Game incentives are rewards or benefits offered within a game to motivate players to continue engaging with the game. Contiuning on “Monetizing Game Incentives for Optimal Results” blog, these incentives can take various forms and are a key aspect of game design, influencing player behavior and enhancing the gaming experience. Let’s delve into the examples you’ve provided:

  1. Extra Lives: This classic incentive allows players to continue playing after failing a level or challenge. By offering extra lives, games can reduce frustration and encourage players to keep trying.
  2. Extra Time for Levels: In time-based games, giving players additional time can be a crucial incentive. It allows them to complete more challenging levels or tasks, which can be particularly rewarding in puzzle or strategy games.
  3. In-Game Currency: Virtual currencies are used within many games to purchase items, upgrades, or unlock new game levels. Earning this currency can become a primary goal for players, keeping them engaged in the game.
  4. Earnings Doubler: This incentive typically comes in the form of a temporary boost that doubles the rewards players earn. This can apply to points, in-game currency, or other collectibles, making gameplay more lucrative for a period.
  5. Redealing: In card games or games with random elements, redealing can offer players a chance to swap out unfavorable elements for potentially better ones. This can add a strategic layer to the game, as players decide when to use this option.
  6. Renting Items: Some games allow players to temporarily access special items or abilities by renting them with in-game currency or resources. This temporary access can provide a taste of higher-level gameplay, encouraging players to work towards permanently acquiring such items.
  7. Daily Spins: Many games feature a daily login bonus, where players can spin a wheel or receive a random reward simply for returning to the game each day. This creates a habit-forming incentive, encouraging daily play.

Each of these incentives serves a specific purpose in game design, such as increasing player retention, enhancing the challenge, or providing a sense of progression and achievement. The effectiveness of these incentives often depends on how well they are integrated into the game’s overall mechanics and how they align with the players’ motivations and preferences.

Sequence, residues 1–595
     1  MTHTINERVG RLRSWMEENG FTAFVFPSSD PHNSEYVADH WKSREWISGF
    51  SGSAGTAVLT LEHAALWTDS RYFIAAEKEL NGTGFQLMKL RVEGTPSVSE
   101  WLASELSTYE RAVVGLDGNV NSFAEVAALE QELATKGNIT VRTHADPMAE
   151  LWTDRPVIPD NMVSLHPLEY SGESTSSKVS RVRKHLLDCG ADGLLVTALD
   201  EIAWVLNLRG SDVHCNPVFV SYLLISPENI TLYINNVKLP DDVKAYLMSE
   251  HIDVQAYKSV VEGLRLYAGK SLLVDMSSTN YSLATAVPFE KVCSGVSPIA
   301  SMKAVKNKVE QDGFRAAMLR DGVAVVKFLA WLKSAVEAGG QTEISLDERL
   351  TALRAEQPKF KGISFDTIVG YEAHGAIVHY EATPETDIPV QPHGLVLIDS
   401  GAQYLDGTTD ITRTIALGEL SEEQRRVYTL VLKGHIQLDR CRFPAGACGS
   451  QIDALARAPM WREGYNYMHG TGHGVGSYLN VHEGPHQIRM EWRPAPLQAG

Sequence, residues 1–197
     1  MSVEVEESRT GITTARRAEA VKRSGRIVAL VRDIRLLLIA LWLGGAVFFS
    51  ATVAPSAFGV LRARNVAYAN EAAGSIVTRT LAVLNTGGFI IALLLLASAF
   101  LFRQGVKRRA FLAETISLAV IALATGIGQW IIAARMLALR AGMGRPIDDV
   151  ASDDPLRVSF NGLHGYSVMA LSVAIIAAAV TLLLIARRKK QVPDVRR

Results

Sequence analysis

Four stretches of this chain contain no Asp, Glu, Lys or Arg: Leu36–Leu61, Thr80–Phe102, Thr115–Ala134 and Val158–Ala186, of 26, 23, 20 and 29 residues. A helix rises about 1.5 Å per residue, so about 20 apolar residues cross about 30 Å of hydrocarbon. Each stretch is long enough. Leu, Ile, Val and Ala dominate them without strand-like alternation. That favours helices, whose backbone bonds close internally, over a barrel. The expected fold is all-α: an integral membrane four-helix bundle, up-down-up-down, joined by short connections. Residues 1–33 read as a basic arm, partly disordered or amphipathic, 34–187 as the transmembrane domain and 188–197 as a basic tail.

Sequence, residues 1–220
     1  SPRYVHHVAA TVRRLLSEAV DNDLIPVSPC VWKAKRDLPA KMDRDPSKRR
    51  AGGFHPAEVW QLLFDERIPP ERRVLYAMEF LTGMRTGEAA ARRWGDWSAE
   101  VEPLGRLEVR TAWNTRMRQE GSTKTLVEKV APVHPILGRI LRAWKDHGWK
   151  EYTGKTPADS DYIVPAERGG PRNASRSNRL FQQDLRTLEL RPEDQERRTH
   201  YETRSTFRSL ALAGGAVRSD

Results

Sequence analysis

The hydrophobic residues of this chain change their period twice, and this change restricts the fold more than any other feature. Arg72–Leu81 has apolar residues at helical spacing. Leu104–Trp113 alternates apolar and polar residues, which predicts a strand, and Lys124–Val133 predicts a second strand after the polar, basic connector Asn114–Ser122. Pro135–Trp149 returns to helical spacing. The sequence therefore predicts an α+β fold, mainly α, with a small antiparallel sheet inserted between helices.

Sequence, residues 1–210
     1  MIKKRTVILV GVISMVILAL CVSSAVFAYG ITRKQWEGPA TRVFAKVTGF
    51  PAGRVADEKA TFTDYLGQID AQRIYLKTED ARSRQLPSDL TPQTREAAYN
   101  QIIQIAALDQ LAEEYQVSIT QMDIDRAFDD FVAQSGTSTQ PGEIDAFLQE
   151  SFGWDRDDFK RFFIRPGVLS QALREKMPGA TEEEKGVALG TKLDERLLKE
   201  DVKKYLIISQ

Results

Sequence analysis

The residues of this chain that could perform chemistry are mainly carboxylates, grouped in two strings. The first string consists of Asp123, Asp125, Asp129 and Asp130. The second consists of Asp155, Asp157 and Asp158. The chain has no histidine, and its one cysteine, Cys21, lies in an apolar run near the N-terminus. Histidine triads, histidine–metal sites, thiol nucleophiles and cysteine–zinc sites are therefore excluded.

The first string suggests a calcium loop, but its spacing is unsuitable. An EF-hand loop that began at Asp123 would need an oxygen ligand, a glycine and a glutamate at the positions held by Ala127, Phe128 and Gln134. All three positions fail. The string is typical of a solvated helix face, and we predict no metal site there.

One tip we’d like to offer is that you should design your incentives from the beginning since it’s hard to add them in later. In addition, the more evolved the game is, the more opportunities you have to entice users to pay for incentives.

How to Implement Game Incentives

The sky is the limit when implementing incentives for players. For example, some developers implement a system where players get a reward for logging in each day. The more days they log into the game in a row, the better the prize is. Others feature events where players complete tasks to win incentives.

Games might use spinning wheels where players have a chance of getting something small or something impressive. Some incentives can be provided for free, while others are often monetized to ensure the game creates revenues and can continue to be updated to bring in even more players. Of course, the exact implementation of your incentives will largely depend on the type of game you want to create.

How to Monetize Incentives

Monetizing incentives is easier than you might expect. It’s a good idea to implement in-app video rewards that offer players a one-time or limited way to use some of the rewards. For instance, you might let them watch an ad to get a free life. After doing so, the player is much more likely to visit the in-app store and buy 10, 50, or 100 extra lives for use as they continue to play.